The metaverse is coming, and it's going to change everything. “The metaverse… lies at the intersection
of human physical interaction and what could be done with digital innovation,” says Paul von Autenried,
CIO at Bristol-Meyers Squibb Co. in the Wall Street Journal.
But what is the metaverse really, and what does it mean for your brand?
In theory, the metaverse will be a ubiquitous digital reality that combines different digital spaces into
one, overarching space. This creates a new world where people can both interact and engage in
commerce, among myriad other activities.
As big tech companies continue to invest in the metaverse, B2C business leaders are struggling to
understand what it means for their brands. Just as the advent of the internet disrupted B2C
verticals—with clear winners and losers—some B2C companies will fare better in the metaverse than
In this article, we explore the opportunities and challenges that the metaverse presents for B2C
businesses. We also provide insights on how business leaders can strategize and prepare for these
changes. With the right strategic approach, your B2C company can start strong in this new,
unpredictable digital paradigm.
Origins of the Metaverse
The metaverse was first conceived in the early 1990s by Neal Stephenson, author of the cyberpunk
novel Snow Crash. In it, he described a virtual world that people could inhabit to escape the mundane
realities of their lives.
Fast-forward to today, and we are seeing this concept come to fruition with companies like Google,
Facebook, Microsoft, and Apple all investing in foundational patents and technologies that might
support it. Commercially, they hope to engage consumers and keep them locked into their ecosystems.
How Consumers Will Experience the Metaverse
In theory, the metaverse offers countless advantages for everyday people. For one, it provides
distractions from the real world, and new ways to connect. This could be in the form of a evolved social
media formats, where people can interact with friends and family in more dynamic, experiential ways.
Users may access the metaverse via a virtual reality platform like Oculus Rift or Vive by HTC, which allow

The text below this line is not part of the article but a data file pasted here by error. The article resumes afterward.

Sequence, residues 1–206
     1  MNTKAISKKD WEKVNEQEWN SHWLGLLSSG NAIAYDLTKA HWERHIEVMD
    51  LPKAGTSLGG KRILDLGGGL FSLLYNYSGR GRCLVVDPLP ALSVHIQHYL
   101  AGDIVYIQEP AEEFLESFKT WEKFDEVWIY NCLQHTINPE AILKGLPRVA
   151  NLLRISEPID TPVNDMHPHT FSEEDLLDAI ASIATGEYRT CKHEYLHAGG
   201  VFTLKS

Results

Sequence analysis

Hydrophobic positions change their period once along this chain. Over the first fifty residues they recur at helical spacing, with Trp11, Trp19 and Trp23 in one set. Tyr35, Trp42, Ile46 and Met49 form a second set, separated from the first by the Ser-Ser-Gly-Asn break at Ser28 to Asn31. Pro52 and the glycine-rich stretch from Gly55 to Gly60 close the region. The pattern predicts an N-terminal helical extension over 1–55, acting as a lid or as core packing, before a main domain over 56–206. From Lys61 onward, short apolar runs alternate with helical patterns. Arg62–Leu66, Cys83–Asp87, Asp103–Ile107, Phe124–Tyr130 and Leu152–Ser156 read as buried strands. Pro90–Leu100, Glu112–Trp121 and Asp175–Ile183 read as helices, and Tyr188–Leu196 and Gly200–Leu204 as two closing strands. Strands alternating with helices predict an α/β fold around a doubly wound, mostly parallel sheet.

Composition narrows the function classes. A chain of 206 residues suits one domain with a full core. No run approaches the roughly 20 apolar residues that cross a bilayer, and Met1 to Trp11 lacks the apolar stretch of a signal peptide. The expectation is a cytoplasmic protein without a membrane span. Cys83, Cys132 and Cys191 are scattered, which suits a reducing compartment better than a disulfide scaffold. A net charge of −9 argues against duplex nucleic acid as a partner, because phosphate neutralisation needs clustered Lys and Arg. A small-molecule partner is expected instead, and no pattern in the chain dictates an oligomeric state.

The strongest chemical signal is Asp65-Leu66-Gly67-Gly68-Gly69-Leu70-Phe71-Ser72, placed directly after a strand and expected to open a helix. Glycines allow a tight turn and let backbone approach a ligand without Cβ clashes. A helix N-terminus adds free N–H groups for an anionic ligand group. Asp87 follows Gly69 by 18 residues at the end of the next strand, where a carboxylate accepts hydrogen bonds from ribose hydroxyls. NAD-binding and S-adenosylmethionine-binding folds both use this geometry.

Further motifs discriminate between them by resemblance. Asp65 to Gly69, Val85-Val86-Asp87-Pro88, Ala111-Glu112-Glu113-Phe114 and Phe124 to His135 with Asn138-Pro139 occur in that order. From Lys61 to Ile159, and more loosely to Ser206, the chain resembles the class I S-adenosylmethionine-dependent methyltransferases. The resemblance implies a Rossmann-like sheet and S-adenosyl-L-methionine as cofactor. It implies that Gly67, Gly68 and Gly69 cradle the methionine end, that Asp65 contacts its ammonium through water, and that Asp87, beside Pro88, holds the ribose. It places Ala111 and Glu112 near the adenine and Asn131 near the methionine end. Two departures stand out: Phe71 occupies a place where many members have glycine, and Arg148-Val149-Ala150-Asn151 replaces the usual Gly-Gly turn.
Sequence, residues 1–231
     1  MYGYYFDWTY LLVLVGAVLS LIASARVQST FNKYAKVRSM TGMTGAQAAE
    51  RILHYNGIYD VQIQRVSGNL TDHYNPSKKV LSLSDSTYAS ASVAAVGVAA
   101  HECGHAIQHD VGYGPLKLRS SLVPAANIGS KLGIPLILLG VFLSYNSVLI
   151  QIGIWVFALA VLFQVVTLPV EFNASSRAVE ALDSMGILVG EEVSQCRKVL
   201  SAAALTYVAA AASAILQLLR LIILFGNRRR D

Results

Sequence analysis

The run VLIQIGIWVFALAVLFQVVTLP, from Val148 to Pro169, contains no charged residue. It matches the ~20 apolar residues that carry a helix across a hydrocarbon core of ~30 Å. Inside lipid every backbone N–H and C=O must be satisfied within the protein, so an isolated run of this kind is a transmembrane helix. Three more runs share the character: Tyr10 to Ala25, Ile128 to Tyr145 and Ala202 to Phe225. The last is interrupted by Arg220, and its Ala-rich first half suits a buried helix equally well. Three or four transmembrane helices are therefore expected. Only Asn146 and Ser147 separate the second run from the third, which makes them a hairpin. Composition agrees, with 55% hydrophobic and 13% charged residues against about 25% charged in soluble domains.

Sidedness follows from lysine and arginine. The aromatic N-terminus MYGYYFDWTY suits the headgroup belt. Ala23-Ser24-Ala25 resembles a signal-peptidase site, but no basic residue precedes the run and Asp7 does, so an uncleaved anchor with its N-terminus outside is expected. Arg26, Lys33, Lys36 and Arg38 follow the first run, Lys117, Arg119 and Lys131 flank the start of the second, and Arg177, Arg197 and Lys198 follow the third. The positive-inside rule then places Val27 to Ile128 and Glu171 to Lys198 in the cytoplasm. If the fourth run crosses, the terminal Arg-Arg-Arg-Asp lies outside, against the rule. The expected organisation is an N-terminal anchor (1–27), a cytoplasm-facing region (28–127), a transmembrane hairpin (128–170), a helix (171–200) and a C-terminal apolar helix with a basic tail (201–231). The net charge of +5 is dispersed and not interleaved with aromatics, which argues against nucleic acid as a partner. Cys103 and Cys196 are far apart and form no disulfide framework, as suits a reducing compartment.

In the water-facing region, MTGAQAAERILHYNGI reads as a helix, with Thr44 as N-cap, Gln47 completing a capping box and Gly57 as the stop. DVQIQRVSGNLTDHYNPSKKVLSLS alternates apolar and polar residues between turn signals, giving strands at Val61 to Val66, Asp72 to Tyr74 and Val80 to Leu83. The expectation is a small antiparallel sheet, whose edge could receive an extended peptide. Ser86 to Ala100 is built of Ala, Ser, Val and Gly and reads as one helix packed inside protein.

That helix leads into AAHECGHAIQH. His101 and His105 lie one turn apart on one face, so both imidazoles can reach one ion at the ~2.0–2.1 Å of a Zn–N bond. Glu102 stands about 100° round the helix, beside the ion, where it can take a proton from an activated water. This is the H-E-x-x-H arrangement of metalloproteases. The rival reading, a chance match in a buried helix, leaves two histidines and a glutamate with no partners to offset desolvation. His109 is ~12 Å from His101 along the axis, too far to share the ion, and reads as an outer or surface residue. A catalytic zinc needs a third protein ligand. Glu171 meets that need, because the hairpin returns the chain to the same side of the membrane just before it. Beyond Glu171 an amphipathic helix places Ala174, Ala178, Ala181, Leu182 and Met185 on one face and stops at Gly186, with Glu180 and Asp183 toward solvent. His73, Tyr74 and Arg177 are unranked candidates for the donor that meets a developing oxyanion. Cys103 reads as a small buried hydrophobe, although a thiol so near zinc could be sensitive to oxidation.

people to experience other worlds, gaming, and even other cultures. In time, the metaverse may
become an important part of people's everyday lives, supporting all kinds of imaginative forms of
Those include new ways for consumers to engage in commerce. This could be in the form of an online
store that allows customers to purchase products or services. Or it could be in the form of a customer
service portal where people can acquire services or get technical support for purchases.
Already, some of the world’s biggest retailers are securing digital assets for future metaverse
investments. In December 2021, Walmart filed several patents aligned with retail in a future metaverse,
“including one for a Walmart-branded cryptocurrency and others for ‘virtual merchandise’ and non-
fungible tokens (NFTs),” The Motley Fool reports. Even so, the metaverse is still in its early stages; there
are countless unknowns about how it will evolve.
Potential Business Advantages in the Metaverse
For starters, the metaverse may support opportunities for brands to create immersive experiences that
go beyond what's possible on current digital platforms. For retailers, that means “engaging with the
consumers at the right time, on the media channel they prefer, and with the right content,” The Wall
Street Journal describes, with scope and dimensions that vastly exceed what digital supports today.
Brands may also use the metaverse to create virtual stores that allow customers to purchase products
and services. This could be done several ways, including through VR or augmented reality platforms.
Brands can be more seamless in how they blend digital experiences as well. For example, they might
borrow elements from gaming platforms to enhance how they interact with consumers.
The metaverse also provides opportunities to improve their remote and digital customer service
experiences. Brands can create portals where customers can get help with their purchases or
troubleshoot problems, for example. “Five Guys could create a virtual restaurant where customers can
check out the menu, speak to a customer service avatar, and order food through DoorDash or Uber
Eats,” as Entrepreneur describes. “The possibilities are endless.”
In addition, the metaverse can be used to create social media platforms that are dedicated to specific
brands. These platforms could provide an immersive customer experience that go beyond the confines
of a third-party social media platform, enabling brands to engage with customers in deeper ways.
How the Metaverse Will Impact Consumer Industries
It’s difficult to conceive what this will look like in practice across consumer-facing industries. But here
are a few ways the metaverse could shape specific industries that service everyday people:
Clarity in Consumer Banking
Banks could create new ways for customers to interact with their finances. For example, banks could